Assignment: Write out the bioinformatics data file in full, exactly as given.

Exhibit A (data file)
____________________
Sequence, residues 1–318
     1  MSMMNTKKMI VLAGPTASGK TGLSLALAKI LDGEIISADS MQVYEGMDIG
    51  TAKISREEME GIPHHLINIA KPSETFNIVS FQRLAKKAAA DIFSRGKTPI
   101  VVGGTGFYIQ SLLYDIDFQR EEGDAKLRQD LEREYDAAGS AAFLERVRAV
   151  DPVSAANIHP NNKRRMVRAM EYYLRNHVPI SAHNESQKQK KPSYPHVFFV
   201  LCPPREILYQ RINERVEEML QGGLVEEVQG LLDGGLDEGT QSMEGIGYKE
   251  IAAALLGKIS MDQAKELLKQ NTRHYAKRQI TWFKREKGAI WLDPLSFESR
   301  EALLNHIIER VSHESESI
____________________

Sequence, residues 1–318
     1  MSMMNTKKMI VLAGPTASGK TGLSLALAKI LDGEIISADS MQVYEGMDIG
    51  TAKISREEME GIPHHLINIA KPSETFNIVS FQRLAKKAAA DIFSRGKTPI
   101  VVGGTGFYIQ SLLYDIDFQR EEGDAKLRQD LEREYDAAGS AAFLERVRAV
   151  DPVSAANIHP NNKRRMVRAM EYYLRNHVPI SAHNESQKQK KPSYPHVFFV
   201  LCPPREILYQ RINERVEEML QGGLVEEVQG LLDGGLDEGT QSMEGIGYKE
   251  IAAALLGKIS MDQAKELLKQ NTRHYAKRQI TWFKREKGAI WLDPLSFESR
   301  EALLNHIIER VSHESESI